California Correspondence.


Milpitas, Santa Clara Co.,
Cal., Jan. 1st, 1860.


Another "happy new year" to you. Ever "moving on” toward the unknown future, ever progressing onward in the journey of life, hopefully we look forward to each coming year; and as one after another, they glide so noiselessly by to join their companions of the past, let us bid them a kind adieu with their joys and their sorrows, and trustingly look forward to the good that may be in store for us. If there is trouble and sorrow ahead, we shall meet it soon enough, without anticipating it.

But little transpires now-a-days in the shape of news, for me to write about. We are having a very favorable winter if it thus far. Much rain has fallen, to gladden the hearts of both miners and farmers; for surely, to the miner in the dry diggings, nothing could be more acceptable, next to plenty of gold, than a jolly good rain. And the farmer, too, can have no serious objections to the natural irrigation of the land where his crops are sown, giving him a comfortable assurance of a good harvest in prospective.

Christmas is made rather more account of here, as well as in the Southern and Western States I think, than it is with you. Christmas seems to be set apart as an occasion of mirth and happiness; a time for eating good things and making presents; a time when the merchant may shut up his shop, the farmer leave his plow and turn his horses out to roll in the green pasture, and the miner lay aside his pick, and all, everybody, feel especially licensed to be jolly generally; in short, even the dogs in the streets get better pickings, and never feel like growling or fighting on that happy occasion. Then the toy shops too, they do a stiff business about that time, in the doll and pop-gun line, and other articles with which to fill the suspended stockings, and tickle the fancy of Young America.

Our trade with Japan is beginning to assume quite an importance, and two or three cargoes of goods have lately arrived here from that country, so long a sealed book to all except the nation of schnapps and sour kraut. These cargoes are made up mostly of rice, lacquered ware, silks, dried fruit, preserves, carved toys, vases, and other Japanese contrivances of odd design and queer workmanship. A peculiar variety of rice comes from there, much larger than ordinary rice, and as large as hulled barley, The Japanese are rather shy and restricted as yet in trading with us, but this will probably all come round right, by and by.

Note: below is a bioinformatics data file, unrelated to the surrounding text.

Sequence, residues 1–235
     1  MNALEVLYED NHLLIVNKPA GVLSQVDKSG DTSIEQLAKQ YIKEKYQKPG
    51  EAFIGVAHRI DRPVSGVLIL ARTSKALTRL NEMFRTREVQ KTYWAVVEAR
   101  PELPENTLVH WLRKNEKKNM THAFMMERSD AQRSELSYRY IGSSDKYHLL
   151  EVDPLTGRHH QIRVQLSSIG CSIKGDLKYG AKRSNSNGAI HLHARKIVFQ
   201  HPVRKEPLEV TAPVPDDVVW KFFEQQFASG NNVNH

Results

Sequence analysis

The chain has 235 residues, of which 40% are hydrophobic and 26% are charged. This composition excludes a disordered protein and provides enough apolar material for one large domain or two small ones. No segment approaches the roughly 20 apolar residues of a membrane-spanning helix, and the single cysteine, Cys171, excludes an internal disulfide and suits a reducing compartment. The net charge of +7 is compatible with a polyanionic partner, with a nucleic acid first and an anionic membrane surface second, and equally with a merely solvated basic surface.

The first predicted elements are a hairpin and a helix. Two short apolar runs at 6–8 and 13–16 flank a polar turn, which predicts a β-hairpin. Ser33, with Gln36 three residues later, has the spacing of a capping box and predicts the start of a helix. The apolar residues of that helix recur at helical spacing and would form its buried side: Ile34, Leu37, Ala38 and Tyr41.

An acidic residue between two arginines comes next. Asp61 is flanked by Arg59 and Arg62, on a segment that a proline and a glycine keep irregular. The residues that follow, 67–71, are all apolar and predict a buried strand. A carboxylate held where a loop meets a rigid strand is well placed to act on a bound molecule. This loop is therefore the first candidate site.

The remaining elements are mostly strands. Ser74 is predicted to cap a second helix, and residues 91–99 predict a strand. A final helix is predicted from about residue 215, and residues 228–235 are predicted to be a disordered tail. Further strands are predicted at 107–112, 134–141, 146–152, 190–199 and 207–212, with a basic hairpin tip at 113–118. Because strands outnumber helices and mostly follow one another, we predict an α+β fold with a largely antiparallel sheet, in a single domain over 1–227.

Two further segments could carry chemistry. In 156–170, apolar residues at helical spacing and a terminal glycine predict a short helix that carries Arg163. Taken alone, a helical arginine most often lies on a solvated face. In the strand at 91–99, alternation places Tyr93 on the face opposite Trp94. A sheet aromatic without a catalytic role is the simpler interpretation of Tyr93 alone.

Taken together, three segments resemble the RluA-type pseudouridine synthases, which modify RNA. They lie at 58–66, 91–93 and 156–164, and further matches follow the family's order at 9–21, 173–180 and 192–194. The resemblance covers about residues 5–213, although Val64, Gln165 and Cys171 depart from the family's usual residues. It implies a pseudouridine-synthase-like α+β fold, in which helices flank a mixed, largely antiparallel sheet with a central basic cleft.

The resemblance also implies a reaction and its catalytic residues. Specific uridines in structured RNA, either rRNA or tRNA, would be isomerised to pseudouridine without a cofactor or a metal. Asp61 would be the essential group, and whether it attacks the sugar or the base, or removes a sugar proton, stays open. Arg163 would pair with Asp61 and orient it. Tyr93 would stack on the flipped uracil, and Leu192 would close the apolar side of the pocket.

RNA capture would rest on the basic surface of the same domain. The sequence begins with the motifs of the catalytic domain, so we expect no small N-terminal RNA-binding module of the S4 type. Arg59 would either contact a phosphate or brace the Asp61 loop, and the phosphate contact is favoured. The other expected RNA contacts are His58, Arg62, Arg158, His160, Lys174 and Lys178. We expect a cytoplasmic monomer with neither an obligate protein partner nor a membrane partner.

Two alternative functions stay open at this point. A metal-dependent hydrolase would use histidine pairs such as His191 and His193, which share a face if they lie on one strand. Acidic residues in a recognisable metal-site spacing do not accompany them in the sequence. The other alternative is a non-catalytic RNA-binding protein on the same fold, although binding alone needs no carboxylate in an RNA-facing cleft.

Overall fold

Anderson, "the great wizard of the North," is now performing a grand engagement at Maguire's Opera House, San Francisco, and nightly draws crowded houses. Great is the rush of the wonder-seekers to see him; and this indeed wonderful magician - who no doubt is one of the same who figures so largely in the Arabian Nights - has, by his inexplicable tricks, astounding deception, and off-hand disablerie, already fully convinced several susceptible individuals that he is the original Beelzebub himself, of whom we read. All modern magicians may doff their respectful hats and bow their humiliated heads before him, their great master.

Next in order comes "the fat woman," Madame Sherwood. I don't know but you may have seen or heard of her before. She was on exhibition in San Francisco, but is now up country astonishing the miners. A few days ago I was in the city, and in the evening, passing up Bush street, my attention was arrested by a large transparency, on which was a huge daub of dirty brown paint, supposed to be representing a woman of very mammoth proportions, dressed in a bright blue dress. And near it, hung another transparency representing an immense serpent. Thinking this must be no less than Eve, and the arch tempter with the apple, direct from the Garden of Eden, your correspondent immediately invested "two bits admission,” and followed the people that were stringing in to the open door near by. A lot of tall Pikes and Hoosiers prevented my seeing anything, at first, but by dint of hard crowding, shouldering through edgeways (you know how,) and representing myself as an editor, I managed to work myself into a good place among the women and girls.

An agreeable man with a black moustache, was handling the big "snaik," shouldering portions of him, patting its pretty head, and smoothing his hand along its cold shiny hide, all the while, in a loud voice, describing the various beauties and good qualities of the varmint, its great docility, sweet disposition, its natural capabilities in the way of swallowing small cattle, &c. It was a boa constrictor, 28 feet long, and weighing 240 lbs. Then there was "the infant snake," of the same sort, and weighing 110 pounds; length, 18 feet.

Having disposed of the snake department, he introduced Madame Sherwood to us, who thereupon rose, stood up on the stage and bowed as well as she could, to the audience. He then went on to tell of and describe her points and qualities as he had done the snake. “28 years old - native of Ireland, but has lived in the States for the last 11 years - height five feet - circumference round the waist, seven feet - weight, 643 lbs. - kind disposition - eats no more than a common person - enjoys perfect health - never was sick,” &c., &c., &c. Now she was a bouncer. Just think of it, six hundred and forty-three pounds of human flesh all in one lump.

Take it all round, it seemed rather of an interesting exhibition, and I came away fully impressed with the conviction that if any mortal Adam could be tempted by such an Eve as that, he must be fond of apples. But –

Adios, BEN BOLT.

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